The songs Turgay Evren has written for ESL students are being used by American Teachers teaching in the USA. An American teacher teaching in a school in Texas has written the following blogpost titled “Songs and Chants.
Songs and Chants
August 24, 2013
So, the students start Monday! And I’m feeling very excited because during our maaaany student/family orientations this past week, I had quite a few families and staff asking me to enroll their students into my ESL class. So, let me explain a bit for those of you who also follow my counseling posts and might be a tad confused over…Is she a counselor? Is she a teacher? What’s going on here? I am an ESL-teaching bilingual school counselor. Basically, with my passion for and experience in teaching ESL combined with our school population that is about 80% Hispanic (and half of those are immigrants), I work as a counselor all day and then teach English as a Second Language in the afternoons to the students who are struggling most with learning English. It is very, very busy and I work all the time, but I am just so lucky that I get the best of both educational worlds- ESL and counseling!
Anyway, so onto the ESL teaching resources to I’d like share with you today. Btw, to see any of the resources/links mentioned below, just click on the bright blue colored word, and we’ll send you right to that resource! I stumbled upon a doozy last week and I can’t wait to share it with you! If you’ve used any of my ESL for Beginners teaching guides, you know that I like to use songs and chants in teaching English as a second or foreign language. Because songs and chants are so easy to memorize and then call up from memory, they are an invaluable language teaching/learning tool. Plus, they make the learning experience a lot more fun! A funny little anecdote about this, not related to ESL but educational nonetheless, happened to me back in 1991. I was taking a US History class at the University of Maryland and it was a very advanced, detailed, and boring class… and with few assignments to submit, my 19 year old, immature self never did much studying or homework for the class. So, one day I strolled into class and there was the midterm, which I was totally unprepared for! The test was on the Trail of Tears and as I skimmed over the questions, I realized I had no idea about any of the answers. So, I racked my brain and remembered that a few years back my dad wrote a song to the melody from “You’re the Reason God Made Oklahoma,” but he changed all the words to tell the story of the Trail of Tears. He had used this song to teach his 5th grade social studies class and he had worked it out by singing it A LOT with me, so I had it memorized. Well, I just sang through this song in my head as I answered the college test questions and… lo and behold, I earned a B on that midterm! So, there you have it, folks: a true story of the power of song in education!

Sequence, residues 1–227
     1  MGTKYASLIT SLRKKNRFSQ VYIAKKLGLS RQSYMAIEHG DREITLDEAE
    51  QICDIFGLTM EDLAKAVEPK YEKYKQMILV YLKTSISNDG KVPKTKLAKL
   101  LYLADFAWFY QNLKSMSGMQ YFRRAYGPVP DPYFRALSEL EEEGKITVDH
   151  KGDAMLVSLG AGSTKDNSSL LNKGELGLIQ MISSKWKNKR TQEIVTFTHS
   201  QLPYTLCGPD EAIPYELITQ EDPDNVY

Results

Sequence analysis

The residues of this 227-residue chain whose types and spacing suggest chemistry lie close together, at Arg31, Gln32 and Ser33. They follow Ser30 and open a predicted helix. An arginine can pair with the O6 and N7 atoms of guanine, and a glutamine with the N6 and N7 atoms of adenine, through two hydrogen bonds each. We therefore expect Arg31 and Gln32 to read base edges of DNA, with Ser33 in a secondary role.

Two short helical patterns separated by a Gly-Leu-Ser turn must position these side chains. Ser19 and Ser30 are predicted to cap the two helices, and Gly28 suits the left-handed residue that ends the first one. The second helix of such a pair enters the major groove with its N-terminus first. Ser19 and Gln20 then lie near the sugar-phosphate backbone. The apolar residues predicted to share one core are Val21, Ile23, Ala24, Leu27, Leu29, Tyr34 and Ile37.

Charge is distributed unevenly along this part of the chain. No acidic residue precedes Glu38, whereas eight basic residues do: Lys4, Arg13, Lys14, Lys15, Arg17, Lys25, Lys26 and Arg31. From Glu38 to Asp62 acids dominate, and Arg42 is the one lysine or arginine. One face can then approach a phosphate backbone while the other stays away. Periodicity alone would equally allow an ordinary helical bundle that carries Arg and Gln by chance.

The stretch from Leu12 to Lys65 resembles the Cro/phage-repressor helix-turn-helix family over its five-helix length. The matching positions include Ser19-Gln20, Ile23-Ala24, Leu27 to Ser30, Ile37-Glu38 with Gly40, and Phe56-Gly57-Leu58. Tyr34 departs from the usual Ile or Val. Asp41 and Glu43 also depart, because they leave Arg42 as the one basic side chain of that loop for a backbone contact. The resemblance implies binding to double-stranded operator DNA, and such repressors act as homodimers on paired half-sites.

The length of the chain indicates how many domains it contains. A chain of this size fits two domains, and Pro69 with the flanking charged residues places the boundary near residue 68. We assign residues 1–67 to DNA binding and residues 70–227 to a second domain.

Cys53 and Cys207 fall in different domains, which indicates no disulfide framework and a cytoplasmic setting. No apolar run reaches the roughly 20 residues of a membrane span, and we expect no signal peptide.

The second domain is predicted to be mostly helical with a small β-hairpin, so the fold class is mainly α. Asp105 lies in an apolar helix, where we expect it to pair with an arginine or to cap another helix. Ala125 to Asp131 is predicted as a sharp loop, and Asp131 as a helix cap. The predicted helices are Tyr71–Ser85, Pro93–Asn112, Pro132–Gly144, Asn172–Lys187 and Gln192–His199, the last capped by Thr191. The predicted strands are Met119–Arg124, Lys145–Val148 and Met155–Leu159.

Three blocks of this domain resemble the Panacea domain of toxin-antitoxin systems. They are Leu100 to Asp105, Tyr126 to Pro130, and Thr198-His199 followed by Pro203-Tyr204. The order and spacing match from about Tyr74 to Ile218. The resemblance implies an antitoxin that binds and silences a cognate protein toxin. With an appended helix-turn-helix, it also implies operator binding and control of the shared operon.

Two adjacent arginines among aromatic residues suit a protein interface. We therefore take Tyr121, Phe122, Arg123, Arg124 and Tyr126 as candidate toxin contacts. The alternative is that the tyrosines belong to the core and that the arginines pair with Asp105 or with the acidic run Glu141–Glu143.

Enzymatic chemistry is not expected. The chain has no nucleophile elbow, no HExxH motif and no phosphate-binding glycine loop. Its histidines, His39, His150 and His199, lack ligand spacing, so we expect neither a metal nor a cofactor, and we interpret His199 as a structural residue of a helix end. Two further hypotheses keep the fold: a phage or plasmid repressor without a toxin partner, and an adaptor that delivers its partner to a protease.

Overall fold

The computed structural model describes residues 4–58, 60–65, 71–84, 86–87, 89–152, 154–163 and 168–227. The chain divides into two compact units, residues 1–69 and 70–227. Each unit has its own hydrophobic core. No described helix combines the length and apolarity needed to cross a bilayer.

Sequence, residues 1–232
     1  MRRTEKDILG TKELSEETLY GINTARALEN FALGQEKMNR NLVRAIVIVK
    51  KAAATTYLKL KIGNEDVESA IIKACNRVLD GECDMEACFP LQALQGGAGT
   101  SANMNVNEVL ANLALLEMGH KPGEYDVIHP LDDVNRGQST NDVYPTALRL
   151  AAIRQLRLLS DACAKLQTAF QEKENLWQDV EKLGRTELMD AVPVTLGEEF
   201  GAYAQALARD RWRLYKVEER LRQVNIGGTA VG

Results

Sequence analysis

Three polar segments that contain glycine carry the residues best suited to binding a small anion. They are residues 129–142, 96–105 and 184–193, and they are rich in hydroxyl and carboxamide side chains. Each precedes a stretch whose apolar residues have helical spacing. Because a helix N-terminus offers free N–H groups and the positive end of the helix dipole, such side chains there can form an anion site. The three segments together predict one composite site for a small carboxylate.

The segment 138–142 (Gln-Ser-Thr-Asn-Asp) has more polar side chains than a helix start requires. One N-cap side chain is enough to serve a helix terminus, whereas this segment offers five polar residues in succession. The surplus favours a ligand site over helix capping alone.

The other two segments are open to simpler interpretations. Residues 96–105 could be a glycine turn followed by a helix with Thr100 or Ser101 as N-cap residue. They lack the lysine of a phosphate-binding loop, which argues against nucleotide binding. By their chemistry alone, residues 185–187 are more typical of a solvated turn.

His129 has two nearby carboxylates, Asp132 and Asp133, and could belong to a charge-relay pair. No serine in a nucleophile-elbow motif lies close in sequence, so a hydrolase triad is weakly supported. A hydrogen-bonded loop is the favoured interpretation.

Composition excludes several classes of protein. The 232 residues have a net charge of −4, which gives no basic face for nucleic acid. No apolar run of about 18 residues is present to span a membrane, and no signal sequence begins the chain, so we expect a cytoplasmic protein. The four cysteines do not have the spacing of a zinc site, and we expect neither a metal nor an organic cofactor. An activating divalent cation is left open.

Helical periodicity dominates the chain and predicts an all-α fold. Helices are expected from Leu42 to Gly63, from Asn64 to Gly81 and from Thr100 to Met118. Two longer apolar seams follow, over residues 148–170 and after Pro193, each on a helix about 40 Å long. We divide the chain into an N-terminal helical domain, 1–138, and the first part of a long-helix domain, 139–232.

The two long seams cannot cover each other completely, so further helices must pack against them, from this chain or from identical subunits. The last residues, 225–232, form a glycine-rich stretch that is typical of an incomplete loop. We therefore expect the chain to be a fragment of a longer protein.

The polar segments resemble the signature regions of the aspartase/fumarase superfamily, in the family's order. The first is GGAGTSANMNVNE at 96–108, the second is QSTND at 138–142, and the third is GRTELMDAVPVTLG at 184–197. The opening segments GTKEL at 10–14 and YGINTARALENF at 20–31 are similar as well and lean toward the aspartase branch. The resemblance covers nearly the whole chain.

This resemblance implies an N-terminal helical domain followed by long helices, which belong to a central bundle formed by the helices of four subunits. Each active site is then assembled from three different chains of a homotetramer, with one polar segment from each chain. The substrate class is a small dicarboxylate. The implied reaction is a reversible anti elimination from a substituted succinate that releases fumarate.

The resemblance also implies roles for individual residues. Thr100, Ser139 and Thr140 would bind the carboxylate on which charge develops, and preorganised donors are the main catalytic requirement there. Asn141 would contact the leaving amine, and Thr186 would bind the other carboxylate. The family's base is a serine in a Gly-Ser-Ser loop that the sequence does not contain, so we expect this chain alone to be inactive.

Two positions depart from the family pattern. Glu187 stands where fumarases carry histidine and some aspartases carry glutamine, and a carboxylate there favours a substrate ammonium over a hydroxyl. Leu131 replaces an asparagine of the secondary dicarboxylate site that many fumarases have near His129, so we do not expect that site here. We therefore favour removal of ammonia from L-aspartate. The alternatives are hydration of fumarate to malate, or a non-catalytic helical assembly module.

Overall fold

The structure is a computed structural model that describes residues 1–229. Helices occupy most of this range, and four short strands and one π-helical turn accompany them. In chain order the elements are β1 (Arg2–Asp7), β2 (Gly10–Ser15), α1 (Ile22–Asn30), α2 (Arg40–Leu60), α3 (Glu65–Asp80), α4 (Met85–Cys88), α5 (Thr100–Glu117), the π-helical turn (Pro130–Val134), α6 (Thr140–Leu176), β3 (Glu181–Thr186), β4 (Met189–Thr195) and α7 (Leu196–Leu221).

If you’d like to use the power of song in your own ESL classroom, here is the treasure I mentioned above. ESL teachers, Turgay Evren and Jason Levine, created this fun little song/music video called Kids Can Do to help teach and reinforce the can verb.
I can’t wait to use it this year with my own ESL students that I mentioned above. Of course, I’ll tell you how it goes in a few weeks. In addition to trying out the Kids Can Do song, I also plan to use the To Be chant from ESL for Beginners Lessons Guide with Activities Volume One to teach my students.